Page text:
The lure of broad horizons

August 6, 2004

Laura Spence advocates undergraduate study in the US as rising numbers of sixthform students consider turning their backs on universities in the UK

The temptation to take a degree in the US is growing, according to figures showing that more British sixthformers than ever before are seeking information about studying across the Atlantic.

The Fulbright Commission, which offers advice and scholarships to students interested in an American higher education, dealt with 20,000 inquiries at its London office in June alone. Since 2002, the number of inquiries to its advice service has risen 400 per cent.

Yet, if the idea of studying in the US has a growing appeal, the number of British sixthformers who apply remains small - and the number who win a place smaller still.

Last year, 8,326 UK nationals were studying in the US - 500 more than the number doing so a decade ago. Roughly three times as many Americans study in the UK each year, albeit often for just one year of their course.

Study placements in the US have also become more popular among UK students over the past 25 years, according to a report published this week by the UK's higher education funding councils, the Department for Education and Skills and the British Council.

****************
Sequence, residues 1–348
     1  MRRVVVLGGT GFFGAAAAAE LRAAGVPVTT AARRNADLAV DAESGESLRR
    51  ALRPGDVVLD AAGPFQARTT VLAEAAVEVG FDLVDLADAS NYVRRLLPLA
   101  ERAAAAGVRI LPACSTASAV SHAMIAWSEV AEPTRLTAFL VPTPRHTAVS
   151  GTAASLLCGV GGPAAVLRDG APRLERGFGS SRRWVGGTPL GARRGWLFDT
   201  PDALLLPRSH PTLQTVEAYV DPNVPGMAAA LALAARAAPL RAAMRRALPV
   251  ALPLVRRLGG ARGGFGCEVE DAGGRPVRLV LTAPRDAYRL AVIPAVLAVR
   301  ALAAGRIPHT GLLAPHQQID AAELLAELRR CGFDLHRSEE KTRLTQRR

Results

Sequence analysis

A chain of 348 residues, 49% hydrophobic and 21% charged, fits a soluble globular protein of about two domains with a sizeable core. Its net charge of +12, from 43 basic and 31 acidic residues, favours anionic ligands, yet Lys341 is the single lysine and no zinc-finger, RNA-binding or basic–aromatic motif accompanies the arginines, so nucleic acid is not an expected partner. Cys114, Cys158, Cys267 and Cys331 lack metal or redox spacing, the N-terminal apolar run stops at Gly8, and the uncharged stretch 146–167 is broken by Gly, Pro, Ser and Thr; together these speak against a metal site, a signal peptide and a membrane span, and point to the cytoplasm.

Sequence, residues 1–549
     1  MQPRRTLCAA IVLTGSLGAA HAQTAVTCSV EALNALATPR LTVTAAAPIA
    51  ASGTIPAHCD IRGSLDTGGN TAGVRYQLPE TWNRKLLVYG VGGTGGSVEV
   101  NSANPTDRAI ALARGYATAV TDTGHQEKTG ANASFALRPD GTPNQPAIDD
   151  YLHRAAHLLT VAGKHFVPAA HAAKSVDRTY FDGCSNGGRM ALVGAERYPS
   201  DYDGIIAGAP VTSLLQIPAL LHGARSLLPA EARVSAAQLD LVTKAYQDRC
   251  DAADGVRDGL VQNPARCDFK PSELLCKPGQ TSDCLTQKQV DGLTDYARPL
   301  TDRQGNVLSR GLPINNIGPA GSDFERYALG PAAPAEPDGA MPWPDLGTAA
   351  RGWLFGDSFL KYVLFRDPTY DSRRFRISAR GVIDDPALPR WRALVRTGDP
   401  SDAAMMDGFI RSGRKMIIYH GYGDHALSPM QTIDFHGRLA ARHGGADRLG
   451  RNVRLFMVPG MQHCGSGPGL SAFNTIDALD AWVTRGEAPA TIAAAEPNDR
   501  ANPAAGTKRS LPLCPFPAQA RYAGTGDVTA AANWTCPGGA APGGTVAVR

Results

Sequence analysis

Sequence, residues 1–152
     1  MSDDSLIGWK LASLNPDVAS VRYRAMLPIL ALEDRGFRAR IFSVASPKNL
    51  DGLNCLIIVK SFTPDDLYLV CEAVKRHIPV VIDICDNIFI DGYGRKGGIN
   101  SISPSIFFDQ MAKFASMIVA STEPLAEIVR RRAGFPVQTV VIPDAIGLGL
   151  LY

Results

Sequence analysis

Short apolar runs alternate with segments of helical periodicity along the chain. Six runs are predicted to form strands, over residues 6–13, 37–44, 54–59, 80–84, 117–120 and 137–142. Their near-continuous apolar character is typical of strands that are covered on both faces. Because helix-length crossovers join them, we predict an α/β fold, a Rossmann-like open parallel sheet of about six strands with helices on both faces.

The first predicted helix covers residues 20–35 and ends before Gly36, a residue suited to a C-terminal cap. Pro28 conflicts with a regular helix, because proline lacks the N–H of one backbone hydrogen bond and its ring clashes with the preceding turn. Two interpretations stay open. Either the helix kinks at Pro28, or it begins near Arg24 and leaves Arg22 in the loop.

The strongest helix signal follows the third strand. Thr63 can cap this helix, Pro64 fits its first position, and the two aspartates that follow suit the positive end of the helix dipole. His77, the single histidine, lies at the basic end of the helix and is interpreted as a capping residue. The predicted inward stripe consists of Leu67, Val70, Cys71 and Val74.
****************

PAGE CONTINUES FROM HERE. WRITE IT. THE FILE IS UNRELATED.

The report also observed that even those UK students who took part in exchange programmes preferred countries where they would be taught in English.

The absence of a language barrier is not the only factor that draws the eye of UK students towards US institutions.

As Carol Madison Graham, the Fulbright Commission's executive director, pointed out, the flexibility of the US higher education system and the chance to cover a wide range of disciplines within one degree course holds a further attraction.

"There is no question that more UK students of all backgrounds are attracted by the flexibility of the US higher education system," Ms Madison Graham said.

"Offsetting this increase in interest, however, are the challenges of financing a US education and the post-9/11 visa regime, which is both more rigorous and more complex."

Could the introduction of the £3,000 tuition fees in the UK from 2006 encourage more UK sixthformers to think about studying abroad?